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Challenges to Sustain Poland's Growth Model

Listed author(s):
  • Balázs Égert


  • Rafal Kierzenkowski


Notwithstanding a very strong economic performance over the past decade or so, Poland’s per capita income is substantially lower in comparison with the United States and per capita income growth will be sharply slowing down over the coming decades under the scenario of gradual policy changes mostly because of population ageing. Bold structural reforms are needed to boost labour productivity and labour resource utilisation. This paper argues that in order to increase labour resource utilisation, policy action should focus on raising the effective retirement age, encourage childbearing and lower high unemployment rates for young people and the unskilled via increased and more efficient active labour market policies. Labour productivity could be boosted via rendering the tax system more growth friendly, reducing product market regulation (including heavy government involvement in the economy, high administrative costs of running and starting businesses and increasing competition in uncompetitive segments of the economy). Investing in human capital and encouraging innovation are also essential for long-term productivity growth. Les défis pour soutenir le modèle de croissance économique en Pologne En dépit d’une performance économique remarquable au cours de la dernière décennie, le PIB par habitant de la Pologne est nettement plus faible en comparaison avec les États-Unis et la croissance du PIB par tête va fortement ralentir au cours des prochaines décennies, selon un scénario de changements progressifs de politiques économiques essentiellement en raison du vieillissement de la population. Des réformes structurelles audacieuses sont nécessaires pour accroître la productivité du travail et l'utilisation des ressources du travail. Cet article soutient que pour augmenter l'utilisation des ressources du travail, l'action de politique économique devrait se concentrer sur l'augmentation de l'âge effectif du départ à la retraite, d'encourager la maternité et de diminuer les taux de chômage élevés pour les jeunes et les travailleurs peu qualifiés via des politiques actives du marché du travail plus étendues et plus efficaces. La productivité du travail pourrait être stimulée par un système fiscal plus favorable à la croissance, par la réduction de la réglementation des marchés de produits (y compris la forte implication du gouvernement dans l'économie, les coûts administratifs élevés de fonctionnement et de création d'entreprises, et en augmentant la concurrence dans les segments non compétitifs de l'économie). Investir dans le capital humain et encourager l'innovation sont également essentiels pour la croissance de la productivité à long terme.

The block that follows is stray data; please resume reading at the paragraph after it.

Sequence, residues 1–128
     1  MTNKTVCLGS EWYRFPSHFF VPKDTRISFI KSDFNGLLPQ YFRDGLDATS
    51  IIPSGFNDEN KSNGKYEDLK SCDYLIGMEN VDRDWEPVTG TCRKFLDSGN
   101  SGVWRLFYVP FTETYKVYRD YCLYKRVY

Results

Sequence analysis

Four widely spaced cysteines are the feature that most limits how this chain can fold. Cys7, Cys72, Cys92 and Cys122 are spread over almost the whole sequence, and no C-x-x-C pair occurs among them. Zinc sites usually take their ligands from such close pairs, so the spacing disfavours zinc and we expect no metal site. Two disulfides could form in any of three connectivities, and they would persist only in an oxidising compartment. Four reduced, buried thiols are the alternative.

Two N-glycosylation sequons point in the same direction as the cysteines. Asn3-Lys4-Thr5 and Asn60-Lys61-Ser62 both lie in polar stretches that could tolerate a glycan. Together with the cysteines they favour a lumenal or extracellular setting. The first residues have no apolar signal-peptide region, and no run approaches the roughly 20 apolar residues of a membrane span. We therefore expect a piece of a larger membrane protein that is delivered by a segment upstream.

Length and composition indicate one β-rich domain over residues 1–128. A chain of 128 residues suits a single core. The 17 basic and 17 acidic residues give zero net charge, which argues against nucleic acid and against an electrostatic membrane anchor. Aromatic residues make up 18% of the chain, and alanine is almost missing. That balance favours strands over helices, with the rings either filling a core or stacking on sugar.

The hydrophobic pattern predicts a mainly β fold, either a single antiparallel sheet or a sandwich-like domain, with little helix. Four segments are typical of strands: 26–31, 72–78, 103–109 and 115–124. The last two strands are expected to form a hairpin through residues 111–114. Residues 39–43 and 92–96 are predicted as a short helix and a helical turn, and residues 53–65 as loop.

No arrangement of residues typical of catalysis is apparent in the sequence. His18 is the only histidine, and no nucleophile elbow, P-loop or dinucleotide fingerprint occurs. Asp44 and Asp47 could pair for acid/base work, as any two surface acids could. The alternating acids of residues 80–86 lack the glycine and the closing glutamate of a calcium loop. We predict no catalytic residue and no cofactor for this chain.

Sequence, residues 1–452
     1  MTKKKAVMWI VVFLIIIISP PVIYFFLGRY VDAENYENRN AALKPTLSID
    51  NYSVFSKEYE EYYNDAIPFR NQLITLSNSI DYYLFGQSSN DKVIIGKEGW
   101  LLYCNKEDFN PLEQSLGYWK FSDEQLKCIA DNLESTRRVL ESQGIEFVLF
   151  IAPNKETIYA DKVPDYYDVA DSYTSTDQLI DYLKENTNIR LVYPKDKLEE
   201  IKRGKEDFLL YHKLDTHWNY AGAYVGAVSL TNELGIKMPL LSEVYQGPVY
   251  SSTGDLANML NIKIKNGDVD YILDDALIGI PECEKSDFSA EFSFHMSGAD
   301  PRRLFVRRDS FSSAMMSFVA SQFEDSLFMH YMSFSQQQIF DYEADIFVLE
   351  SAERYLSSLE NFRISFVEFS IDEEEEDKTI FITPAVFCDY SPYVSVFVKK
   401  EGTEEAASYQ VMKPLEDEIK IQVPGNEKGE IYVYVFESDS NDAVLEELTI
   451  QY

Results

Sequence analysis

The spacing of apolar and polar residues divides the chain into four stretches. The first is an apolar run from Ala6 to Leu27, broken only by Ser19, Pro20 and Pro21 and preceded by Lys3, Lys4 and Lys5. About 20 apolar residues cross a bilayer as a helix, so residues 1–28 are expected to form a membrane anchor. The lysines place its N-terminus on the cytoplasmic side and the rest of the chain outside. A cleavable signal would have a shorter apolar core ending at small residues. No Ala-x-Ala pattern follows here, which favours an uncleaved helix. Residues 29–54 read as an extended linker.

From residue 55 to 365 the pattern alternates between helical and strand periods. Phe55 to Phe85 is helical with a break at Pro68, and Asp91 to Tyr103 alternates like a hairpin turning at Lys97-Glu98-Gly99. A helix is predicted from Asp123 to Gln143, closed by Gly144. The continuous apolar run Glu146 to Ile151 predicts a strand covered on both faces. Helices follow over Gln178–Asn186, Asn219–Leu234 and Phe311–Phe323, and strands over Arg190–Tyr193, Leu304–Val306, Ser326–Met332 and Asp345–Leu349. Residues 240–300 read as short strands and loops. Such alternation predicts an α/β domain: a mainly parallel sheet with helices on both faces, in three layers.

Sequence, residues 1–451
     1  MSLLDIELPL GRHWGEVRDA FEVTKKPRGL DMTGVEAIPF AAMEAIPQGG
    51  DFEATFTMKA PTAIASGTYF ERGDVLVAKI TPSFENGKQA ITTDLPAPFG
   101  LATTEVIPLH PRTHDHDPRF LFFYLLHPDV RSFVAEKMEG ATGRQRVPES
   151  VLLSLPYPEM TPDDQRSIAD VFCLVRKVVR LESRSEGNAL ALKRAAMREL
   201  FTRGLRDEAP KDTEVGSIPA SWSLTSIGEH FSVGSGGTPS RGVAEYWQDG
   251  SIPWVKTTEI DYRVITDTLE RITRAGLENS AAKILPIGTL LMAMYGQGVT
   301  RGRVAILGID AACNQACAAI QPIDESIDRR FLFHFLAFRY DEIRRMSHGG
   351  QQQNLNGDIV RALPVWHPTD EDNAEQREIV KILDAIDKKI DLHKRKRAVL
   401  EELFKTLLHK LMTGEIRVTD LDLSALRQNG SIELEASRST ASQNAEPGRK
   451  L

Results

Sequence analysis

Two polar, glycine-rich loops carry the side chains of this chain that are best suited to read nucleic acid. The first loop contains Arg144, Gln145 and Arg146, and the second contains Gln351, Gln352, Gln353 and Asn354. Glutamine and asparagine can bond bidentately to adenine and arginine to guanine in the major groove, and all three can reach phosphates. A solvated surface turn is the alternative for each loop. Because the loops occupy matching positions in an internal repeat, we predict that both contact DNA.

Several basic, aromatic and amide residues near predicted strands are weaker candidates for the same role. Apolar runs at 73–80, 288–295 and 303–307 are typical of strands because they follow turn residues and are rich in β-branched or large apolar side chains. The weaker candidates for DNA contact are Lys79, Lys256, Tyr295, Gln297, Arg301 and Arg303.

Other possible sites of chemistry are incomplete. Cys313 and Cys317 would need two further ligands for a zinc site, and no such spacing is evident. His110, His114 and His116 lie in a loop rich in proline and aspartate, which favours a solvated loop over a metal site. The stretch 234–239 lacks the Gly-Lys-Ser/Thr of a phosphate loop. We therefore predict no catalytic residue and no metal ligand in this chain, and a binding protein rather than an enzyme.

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Paper provided by OECD Publishing in its series OECD Economics Department Working Papers with number 1054.

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Date of creation: 05 Jun 2013
Handle: RePEc:oec:ecoaaa:1054-en
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  1. Åsa Johansson & Yvan Guillemette & Fabrice Murtin & David Turner & Giuseppe Nicoletti & Christine de la Maisonneuve & Guillaume Bousquet & Francesca Spinelli, 2012. "Looking to 2060: Long-Term Global Growth Prospects: A Going for Growth Report," OECD Economic Policy Papers 3, OECD Publishing.
  2. Angela Luci & Olivier Thevenon, 2011. "The impact of family policy packages on fertility trends in developed countries," Université Paris1 Panthéon-Sorbonne (Post-Print and Working Papers) hal-00657603, HAL.
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